Is Your Business Ready for Mobile?Wow, things change fast, hmm?

New things, changed things, different ways to use things. And have you seen the way those people are using those things?

And so we are faced with a question (or two). Many of us start with this one:

Why (on earth) would I want to do that?!

Unfortunately, as you may have determined by the tone (the exclamation after the question mark) this really isn’t a question – though it should be, just without the sarcasm.

And if it is a question to find understanding of what it might mean to you, follow up with this question:

Why are they doing  that?

By trying to find out what are they getting out of using that thing, or how it’s improving their lifestyle –  you’re priming your brain and your business to be prepared to serve your customer  - and the next wave – better.

I recently read a piece of data that shows 1 of 5 parents use a mobile device to communicate with their kids while they’re both at home (time for dinner or don’t forget the dishes). Whether you and I agree with that practice is secondary in the context of business.

It’s what’s being done now, and it’s what is coming around the bend. Adults and soon-to-be adults are using mobile. Have you see the people you drive next to and in front of. Everyone is on it (including you).

So next time you see something new or changed, maybe give a little focus to value they have found to help us find our own value.

Is your business ready for mobile?

  • Mobile Apps
  • Mobile Sites
  • Location-Based pages (Google Places, Foursquare, Merchant’s Circle, etc)
  • Other quick-to-implement and necessary to woo your customer ideas.

These are some of the things we’re discussing in our Dialing 8 CoLaboratory Hangout today (members only). If you want to join us tomorrow, let me know in a way convenient to you and I’ll make it happen (9am, 11:30am, or 7pm CST).

Is your business ready for mobile?

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Is it Okay for Social Media to be Automated or Scheduled?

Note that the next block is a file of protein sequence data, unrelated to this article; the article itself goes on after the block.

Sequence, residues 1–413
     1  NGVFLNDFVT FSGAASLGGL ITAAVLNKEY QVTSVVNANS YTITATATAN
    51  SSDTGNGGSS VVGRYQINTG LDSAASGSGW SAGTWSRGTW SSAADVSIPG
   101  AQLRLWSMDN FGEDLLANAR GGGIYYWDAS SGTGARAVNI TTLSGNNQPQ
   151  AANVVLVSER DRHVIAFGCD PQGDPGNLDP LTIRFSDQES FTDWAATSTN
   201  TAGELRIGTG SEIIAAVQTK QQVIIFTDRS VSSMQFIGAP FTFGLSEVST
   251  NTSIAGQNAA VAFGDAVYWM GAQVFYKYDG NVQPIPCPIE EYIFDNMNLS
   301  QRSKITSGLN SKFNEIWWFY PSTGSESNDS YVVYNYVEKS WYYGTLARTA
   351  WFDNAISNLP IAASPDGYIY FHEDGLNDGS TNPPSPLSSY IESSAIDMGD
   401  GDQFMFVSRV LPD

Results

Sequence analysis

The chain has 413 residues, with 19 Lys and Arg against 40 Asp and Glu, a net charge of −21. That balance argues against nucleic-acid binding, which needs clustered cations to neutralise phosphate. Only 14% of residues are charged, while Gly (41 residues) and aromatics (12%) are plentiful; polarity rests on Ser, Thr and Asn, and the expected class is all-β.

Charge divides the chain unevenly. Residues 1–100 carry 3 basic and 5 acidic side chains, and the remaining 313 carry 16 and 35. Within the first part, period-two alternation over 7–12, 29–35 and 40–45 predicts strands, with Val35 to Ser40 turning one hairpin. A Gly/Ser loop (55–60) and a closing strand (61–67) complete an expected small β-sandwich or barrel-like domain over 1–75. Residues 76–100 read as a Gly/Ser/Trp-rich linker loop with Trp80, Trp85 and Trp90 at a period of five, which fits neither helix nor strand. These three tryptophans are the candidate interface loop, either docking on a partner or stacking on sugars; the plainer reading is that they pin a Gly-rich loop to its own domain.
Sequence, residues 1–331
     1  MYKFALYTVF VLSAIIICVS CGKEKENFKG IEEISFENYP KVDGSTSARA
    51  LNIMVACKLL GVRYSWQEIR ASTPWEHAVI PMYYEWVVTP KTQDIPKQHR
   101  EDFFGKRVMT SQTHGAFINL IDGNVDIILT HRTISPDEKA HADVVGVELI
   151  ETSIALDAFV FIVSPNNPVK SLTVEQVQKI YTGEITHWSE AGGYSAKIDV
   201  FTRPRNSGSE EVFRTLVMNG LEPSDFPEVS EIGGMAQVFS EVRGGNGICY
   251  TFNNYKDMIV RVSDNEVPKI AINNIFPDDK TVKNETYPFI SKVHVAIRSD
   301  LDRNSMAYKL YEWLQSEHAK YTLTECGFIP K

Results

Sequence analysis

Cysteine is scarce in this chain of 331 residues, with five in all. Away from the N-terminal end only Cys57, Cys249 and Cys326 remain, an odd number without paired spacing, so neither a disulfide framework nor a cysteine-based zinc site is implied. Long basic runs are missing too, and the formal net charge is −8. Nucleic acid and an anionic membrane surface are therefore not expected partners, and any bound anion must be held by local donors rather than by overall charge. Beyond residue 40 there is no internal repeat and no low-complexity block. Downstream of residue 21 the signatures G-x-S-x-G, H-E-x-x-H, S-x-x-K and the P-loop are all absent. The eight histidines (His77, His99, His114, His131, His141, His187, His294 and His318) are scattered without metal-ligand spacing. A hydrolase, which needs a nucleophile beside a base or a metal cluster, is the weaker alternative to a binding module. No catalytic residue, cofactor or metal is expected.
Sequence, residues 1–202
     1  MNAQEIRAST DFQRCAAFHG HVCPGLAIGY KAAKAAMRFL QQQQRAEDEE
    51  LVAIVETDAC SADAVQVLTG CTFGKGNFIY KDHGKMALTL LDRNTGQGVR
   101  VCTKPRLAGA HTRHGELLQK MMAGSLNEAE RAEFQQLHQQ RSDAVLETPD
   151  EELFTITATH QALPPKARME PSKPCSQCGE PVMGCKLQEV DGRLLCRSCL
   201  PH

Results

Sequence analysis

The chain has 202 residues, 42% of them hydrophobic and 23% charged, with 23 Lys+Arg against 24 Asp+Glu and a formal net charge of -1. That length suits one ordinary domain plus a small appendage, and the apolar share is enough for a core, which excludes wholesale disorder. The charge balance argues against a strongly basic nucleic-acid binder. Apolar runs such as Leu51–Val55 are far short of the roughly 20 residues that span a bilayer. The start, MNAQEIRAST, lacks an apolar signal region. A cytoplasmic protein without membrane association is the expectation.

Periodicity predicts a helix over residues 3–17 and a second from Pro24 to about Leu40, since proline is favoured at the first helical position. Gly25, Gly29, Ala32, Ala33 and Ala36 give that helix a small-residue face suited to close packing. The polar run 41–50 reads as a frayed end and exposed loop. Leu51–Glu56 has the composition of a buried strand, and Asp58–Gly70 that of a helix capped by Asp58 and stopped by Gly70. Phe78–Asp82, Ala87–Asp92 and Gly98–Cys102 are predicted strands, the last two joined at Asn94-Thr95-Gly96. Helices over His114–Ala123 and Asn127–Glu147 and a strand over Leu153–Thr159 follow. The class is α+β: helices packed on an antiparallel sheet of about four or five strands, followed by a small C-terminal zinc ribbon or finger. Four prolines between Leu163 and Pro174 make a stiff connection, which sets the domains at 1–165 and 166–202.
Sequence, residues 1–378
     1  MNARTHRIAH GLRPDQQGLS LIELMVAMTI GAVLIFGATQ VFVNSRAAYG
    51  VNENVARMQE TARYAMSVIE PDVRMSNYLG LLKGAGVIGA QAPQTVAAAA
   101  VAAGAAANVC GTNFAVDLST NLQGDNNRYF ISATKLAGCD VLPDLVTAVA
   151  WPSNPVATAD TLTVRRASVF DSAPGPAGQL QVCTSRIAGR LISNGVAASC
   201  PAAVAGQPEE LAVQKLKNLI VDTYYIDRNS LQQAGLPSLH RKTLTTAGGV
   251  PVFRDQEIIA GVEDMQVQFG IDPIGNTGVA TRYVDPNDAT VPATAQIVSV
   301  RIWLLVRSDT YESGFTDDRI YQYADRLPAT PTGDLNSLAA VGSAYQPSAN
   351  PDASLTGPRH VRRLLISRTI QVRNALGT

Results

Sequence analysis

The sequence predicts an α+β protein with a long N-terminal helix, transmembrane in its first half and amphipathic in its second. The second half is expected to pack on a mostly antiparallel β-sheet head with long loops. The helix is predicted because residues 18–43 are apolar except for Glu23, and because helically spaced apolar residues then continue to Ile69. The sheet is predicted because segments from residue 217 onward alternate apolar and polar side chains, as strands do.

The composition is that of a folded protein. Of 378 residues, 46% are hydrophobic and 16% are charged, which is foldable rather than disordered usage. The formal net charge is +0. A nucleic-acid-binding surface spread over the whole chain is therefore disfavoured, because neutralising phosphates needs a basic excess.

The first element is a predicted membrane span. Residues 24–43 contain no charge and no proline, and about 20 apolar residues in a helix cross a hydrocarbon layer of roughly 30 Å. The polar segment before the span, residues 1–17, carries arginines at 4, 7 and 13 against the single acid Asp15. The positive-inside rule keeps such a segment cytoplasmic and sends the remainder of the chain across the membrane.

I’m not a fan of “this or that” as a blanket statement. Too many variables and I believe there’s only one immutable law in social media.

I do see some valid arguments made for and against automated items in social media, and again – it depends on what kind of task is being automated.

Some confusion has crept in some of the conversation, though. I’d like us to make a distinction between two types of actions:

Automated Items and Scheduled Items

Automated is something that is often repeatable and put into a “set it and forget it” mode. Some of these (and my thumb-action) might include:

  • Follow-back on Twitter (thumbs-down)
  • Blog Posts directly to another platform (it depends)
  • Triberr Retweets (thumbs-up if settings are on manual, otherwise . . .)
  • Almost every ifttt recipe (it depends)

Scheduled is something that almost always -or at least always should – have context or content added:

  • Bufferapp your tweets (big thumbs up)
  • Blog posts (big thumbs up)
  • Event reminders (in most cases, thumbs up)
  • Newsletter mailings (and in some cases even automated – thumbs up)

So, while we may have missed some items or tasks, we can see a difference between Automated and Scheduled in our publishing or sharing content. As you can probably see, I’d lean toward Scheduling as a practice and be shy towards Automating.

What’s your take on the topic?

Photo on Flickr by bigbirdz

Become Comfortable with Crap

This is for the crap writers . . .

The ones who believe they can’t
But do it anyway
Who recognize the only way to get better
Is to get going and get doing

Those who forge ahead knowing
that by sharing what we know
we know better and create capacity for more
more to share, and more people to share with

For the ones who care without concern
whether they have a face for radio
or a voice best whispered
and start drawing with an Ish frame of mind

Thank you for what you’re about to do
and for leading those who are about to read
for standing up to The Flinch in your brain
and getting through the crap that holds you back

Because the reality just may be
Once you get through today’s crap
different crap will greet you tomorrow
Different – but better. Because now . . .

You’re Comfortable with Crap 

My Life is About to Change in a Flinch

You ever get that feeling? As you travel through a . . . transparent thing . . .

Last night, just before bed, I watched a video conversation with Chris Brogan and Julien Smith. They talked candidly (and colorfully) about Julien’s new book, The Flinch:

These guys literally wrote the book on Trust Agents, so when Brogan starts warning Smith that this book is one that might get read, but people won’t do anything about it – and Smith agrees (“There’s only so far you can <flinch-causing expletive>hold people’s hands”).

As I was watching, I went to Amazon and pre-ordered the free book (thanks Godin). This morning, it was in my Kindle and I started reading it. Last thing last night, then first thing first thing?  Interesting intersection.

As I read this morning, I’m fighting a lot of internal urges and personal feelings that won’t see the light of this blog. And I flinch. And grow.

Thanks for the read, Julien (and thanks for the video, Chris). I’ve got some flinches to face.